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Pixar’s Coco: An Opportunity to Demand More

It’s been nearly a month since the U.S. release of Disney Pixar’s Coco, and audiences everywhere continue to be moved by the film’s characters and filial message. The acceptance of this motion picture globally is also undeniable with the film not only knocking Marvel’s The Avengers out of its spot as #1 highest grossing film of all time in Mexico but also raking in millions from audiences in China who have truly embraced the cultural familiarity of the film. And for the first time since 1991, Coco is being released in Spain in its Mexican-Spanish dubbed version instead of revamping it with voice actors from the European country itself.

Coco has truly been a gem from Pixar and not without lack of trying. The authenticity that took place on screen is due in many ways to the dedication and effort put forth by Pixar to be true to the culture that they were representing, from visiting Oaxaca to bringing on consultants, and it showed. At a time when tensions in the country are at an all-time high and negative rhetoric about Mexicans, and Latinx groups in general, exist in every crevice of ignorance–even in the words spewed by those who inhabit the White House–a film like this was necessary. I emphasize Mexicans because it matters who we address when we talk about a project with the success that Coco is having.


Coco is Mexican representation before it is Latinx representation because Latinx is not monolithic. This was a giant leap for Latinx representation, as I’m sure the importance of family embedded in our cultures reverberated with Latin Americans everywhere, but it’s important to acknowledge that this took place in Mexico and the characters are Mexican. Latinx in the U.S. will soon be the majority population, and they come from all walks of life, races, genders, countries, and experiences. Coco has done immensely well of portraying one of those countries and a big part of their culture, but we as an audience have an opportunity here to demand more. As beautiful a tradition as Dia De Los Muertos is, moving forward from here it should not be the only aspect of Mexican culture that is deemed marketable enough to explore in terms of representation. We should also demand that the media industry dispel the myth that all Latinx are Mexican, and push for more visibility for those from Central and South American backgrounds. As a Mexican-American, I’ll be the first to say that it literally brought tears to my eyes to see myself and where I come from on the big screen, but it was also a reminder of just how important it is for all underrepresented groups to be able to feel that.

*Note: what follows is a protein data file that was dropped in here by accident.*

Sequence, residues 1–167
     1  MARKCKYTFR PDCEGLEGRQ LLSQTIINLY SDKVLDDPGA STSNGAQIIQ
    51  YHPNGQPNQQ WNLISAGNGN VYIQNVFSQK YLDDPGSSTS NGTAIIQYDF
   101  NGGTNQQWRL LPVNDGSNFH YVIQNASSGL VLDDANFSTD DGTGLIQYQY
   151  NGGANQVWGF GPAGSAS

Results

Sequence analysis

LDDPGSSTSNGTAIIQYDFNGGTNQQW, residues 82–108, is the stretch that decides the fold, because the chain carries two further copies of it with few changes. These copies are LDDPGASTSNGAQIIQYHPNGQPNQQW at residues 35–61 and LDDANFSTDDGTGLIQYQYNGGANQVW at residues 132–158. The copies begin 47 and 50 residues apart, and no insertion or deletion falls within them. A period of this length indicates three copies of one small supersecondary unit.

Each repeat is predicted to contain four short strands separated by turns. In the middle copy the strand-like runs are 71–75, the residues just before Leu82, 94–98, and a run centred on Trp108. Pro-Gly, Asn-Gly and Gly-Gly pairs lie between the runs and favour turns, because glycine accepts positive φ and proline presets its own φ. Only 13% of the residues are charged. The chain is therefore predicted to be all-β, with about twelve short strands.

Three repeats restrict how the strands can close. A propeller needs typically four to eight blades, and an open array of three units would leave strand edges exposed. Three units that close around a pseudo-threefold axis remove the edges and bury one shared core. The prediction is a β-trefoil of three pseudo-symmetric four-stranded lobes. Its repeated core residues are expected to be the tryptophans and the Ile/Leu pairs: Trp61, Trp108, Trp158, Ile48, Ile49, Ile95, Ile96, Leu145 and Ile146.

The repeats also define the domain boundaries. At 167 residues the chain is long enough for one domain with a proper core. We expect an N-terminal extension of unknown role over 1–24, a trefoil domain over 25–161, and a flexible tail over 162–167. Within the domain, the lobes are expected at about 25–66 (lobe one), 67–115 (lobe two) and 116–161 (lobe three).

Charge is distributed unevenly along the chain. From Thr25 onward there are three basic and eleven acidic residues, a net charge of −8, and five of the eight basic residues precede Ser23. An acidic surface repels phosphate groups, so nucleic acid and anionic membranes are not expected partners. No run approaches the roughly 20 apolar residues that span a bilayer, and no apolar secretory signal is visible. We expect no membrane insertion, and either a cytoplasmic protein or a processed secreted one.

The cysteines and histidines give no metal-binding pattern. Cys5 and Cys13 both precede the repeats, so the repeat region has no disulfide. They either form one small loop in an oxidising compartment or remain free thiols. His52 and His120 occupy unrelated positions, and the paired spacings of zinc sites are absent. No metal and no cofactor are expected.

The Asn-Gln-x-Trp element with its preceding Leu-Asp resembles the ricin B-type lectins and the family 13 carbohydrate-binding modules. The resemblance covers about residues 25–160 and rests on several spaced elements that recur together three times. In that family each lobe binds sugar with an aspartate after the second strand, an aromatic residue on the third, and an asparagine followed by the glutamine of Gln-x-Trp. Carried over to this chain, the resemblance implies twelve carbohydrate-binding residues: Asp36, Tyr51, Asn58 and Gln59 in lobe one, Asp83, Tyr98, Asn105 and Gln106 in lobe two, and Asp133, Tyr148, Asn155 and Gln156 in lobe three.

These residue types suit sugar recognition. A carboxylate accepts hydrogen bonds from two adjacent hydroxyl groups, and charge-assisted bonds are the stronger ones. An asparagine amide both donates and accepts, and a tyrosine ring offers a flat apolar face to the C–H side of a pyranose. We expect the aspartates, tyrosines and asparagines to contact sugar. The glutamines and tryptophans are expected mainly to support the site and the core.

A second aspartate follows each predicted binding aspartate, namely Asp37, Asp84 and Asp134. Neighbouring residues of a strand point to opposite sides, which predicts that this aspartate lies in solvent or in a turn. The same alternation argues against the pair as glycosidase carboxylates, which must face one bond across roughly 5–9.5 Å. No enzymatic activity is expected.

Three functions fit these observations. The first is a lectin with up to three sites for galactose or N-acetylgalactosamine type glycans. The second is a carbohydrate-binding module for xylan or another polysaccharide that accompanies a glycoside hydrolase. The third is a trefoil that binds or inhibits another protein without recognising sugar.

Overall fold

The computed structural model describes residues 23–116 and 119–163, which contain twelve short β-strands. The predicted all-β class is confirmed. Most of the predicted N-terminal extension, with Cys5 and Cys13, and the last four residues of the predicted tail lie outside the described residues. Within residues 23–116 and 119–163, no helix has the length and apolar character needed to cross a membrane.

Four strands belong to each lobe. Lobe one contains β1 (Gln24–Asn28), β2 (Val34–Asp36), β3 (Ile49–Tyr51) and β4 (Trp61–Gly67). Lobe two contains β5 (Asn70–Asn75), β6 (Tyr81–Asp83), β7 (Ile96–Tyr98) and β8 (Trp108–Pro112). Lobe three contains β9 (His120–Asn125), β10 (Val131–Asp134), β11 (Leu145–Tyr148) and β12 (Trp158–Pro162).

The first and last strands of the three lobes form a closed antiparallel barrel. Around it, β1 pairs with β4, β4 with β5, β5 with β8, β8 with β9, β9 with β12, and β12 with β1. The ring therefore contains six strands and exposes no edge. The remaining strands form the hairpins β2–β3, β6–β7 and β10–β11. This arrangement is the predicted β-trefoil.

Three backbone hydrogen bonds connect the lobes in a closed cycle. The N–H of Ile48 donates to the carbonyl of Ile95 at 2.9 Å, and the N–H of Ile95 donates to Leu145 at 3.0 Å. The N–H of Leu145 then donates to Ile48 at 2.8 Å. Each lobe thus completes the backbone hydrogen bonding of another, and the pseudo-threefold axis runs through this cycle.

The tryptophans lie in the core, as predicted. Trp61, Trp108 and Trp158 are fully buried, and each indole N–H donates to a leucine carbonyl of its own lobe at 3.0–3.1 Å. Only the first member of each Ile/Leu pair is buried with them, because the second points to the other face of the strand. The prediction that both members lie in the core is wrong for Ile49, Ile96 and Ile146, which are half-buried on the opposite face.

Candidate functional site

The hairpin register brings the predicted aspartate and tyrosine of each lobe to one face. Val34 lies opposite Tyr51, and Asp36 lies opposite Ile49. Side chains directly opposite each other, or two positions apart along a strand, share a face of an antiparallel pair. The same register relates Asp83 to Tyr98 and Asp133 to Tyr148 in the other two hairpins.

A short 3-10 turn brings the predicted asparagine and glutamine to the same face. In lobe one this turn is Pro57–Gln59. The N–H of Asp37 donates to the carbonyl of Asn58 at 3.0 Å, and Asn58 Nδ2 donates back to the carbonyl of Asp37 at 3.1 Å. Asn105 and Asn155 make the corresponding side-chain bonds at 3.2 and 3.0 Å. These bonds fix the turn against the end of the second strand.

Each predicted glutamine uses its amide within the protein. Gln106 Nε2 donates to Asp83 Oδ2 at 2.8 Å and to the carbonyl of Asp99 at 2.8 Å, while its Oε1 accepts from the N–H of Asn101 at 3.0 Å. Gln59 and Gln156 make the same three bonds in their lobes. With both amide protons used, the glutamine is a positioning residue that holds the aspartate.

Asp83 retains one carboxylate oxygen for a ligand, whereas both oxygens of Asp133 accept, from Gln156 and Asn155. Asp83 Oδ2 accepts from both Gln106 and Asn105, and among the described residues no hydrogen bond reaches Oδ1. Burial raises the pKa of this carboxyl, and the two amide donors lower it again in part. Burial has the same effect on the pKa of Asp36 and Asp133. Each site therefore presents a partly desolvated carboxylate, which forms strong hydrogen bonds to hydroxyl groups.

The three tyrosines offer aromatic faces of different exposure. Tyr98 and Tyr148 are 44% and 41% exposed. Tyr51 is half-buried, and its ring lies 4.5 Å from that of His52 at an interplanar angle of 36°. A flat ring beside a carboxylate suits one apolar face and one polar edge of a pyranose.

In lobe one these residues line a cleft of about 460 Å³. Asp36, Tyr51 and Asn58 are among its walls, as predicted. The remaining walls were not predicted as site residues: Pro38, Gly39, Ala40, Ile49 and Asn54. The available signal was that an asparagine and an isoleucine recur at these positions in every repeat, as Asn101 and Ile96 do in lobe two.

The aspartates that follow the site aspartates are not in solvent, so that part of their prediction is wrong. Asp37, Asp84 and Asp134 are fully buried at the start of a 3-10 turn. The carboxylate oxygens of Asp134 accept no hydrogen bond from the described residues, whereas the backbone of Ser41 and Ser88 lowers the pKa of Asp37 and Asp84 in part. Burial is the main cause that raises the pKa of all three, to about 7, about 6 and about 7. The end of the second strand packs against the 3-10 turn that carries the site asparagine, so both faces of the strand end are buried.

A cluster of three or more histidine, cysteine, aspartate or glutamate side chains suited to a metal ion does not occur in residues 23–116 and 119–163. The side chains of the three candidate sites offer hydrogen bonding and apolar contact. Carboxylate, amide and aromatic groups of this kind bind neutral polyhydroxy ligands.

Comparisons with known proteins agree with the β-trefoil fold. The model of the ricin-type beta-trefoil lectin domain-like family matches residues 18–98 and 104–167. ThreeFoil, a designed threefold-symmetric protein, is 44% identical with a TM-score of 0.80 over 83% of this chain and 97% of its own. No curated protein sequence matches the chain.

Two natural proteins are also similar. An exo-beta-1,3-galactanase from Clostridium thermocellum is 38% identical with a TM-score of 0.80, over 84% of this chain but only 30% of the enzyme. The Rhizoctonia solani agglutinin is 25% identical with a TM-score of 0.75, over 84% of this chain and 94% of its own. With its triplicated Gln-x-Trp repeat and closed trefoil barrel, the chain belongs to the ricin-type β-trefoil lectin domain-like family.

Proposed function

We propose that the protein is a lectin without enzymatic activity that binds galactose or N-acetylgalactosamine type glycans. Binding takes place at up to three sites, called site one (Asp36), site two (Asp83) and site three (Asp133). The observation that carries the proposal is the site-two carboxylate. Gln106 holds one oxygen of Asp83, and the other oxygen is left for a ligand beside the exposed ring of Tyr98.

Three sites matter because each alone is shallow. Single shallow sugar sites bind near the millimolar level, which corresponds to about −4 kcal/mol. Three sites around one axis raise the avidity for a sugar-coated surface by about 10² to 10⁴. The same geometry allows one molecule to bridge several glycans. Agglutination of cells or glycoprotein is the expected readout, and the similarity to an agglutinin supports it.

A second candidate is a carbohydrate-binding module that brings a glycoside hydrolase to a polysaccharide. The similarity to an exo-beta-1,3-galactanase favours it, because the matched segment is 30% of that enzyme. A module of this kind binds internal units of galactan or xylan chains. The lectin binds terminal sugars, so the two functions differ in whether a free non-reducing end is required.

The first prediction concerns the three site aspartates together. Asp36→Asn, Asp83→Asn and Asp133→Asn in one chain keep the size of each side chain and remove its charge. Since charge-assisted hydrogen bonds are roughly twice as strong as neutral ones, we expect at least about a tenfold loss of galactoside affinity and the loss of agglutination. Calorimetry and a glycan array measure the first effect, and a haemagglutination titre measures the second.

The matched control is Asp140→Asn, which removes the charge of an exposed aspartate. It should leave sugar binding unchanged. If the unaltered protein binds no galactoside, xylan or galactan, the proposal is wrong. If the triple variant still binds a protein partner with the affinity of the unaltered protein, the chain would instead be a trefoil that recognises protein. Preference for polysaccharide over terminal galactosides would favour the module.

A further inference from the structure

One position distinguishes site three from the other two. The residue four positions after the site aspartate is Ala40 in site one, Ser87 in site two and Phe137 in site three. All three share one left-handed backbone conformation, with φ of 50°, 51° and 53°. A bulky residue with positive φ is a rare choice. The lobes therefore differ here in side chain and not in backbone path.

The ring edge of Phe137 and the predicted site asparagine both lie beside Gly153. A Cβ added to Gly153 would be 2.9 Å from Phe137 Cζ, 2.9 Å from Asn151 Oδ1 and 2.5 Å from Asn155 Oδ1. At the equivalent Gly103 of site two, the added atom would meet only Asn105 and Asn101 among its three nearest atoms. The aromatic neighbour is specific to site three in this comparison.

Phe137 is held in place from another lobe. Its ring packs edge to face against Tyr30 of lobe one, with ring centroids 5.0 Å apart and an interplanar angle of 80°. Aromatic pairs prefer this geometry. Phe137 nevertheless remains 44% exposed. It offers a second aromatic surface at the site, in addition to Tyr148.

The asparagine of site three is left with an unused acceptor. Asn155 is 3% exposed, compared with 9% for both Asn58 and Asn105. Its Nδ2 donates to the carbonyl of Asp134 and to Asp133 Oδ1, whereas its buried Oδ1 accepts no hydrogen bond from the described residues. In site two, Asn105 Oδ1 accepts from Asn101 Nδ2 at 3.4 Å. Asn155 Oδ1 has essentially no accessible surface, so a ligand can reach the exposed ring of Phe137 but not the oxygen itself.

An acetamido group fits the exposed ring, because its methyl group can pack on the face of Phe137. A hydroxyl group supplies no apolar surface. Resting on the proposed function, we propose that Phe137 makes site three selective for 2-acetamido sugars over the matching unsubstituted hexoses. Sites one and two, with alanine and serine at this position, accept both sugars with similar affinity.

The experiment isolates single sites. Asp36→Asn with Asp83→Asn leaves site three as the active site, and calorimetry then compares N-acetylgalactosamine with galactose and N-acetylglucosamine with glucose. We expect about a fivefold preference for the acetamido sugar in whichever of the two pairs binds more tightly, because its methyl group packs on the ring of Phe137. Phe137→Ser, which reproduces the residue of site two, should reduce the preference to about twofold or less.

The lack of inclusiveness amongst and within ourselves in the Latinx community may sometimes be a topic of confusion or tension, but media is such a great tool for addressing these conversations of identity. Acknowledging where we constantly fail to include queer Latinx and Afro-Latinx, for example, is a major part of why the shift in the agency for writers and producers of color that is happening in television right now is so exciting and important, but it is also a shift that needs to make its way into the industry altogether. It is imperative that what we see on screen is reflective of the creators behind the scenes. Representation does not mean diversity that falls flat and fails to address the complexities of the group being represented. It means that in order for this to work, the people who write these stories and experiences NEED to be part of that group or at the very least they must be consulted and not brushed aside, given a voice and credit. (It is not an impossible feat, I continue to applause Aziz Ansari for holding himself accountable so that Lena Waithe had the proper space and authority to tell her story as it should be because Aziz is not a black, lesbian woman, but I digress.) This is why Coco was such a breath of fresh air, for how much of the writing and casting and attention to detail was considered. And my friends, while I understand why many were upset that it seemed like it would be a rip-off of Book of Life, I hope that after watching it you could see where it differed. I love both films immensely and Book of Life deserved better but both are worthy of being reflected on in how much progress has been made. Even just the mere fact that Spanish was such a huge part of Coco was an amazing touch, and its release of a Spanish-only dub was something I never thought would happen; it’s not often that audiences of color are catered to in terms of accessibility.

So I want you to not settle. Coco was more than we could have asked for, from the writing to the music and the tears it made us shed, but I think we may agree that it was about time and it should not end here.


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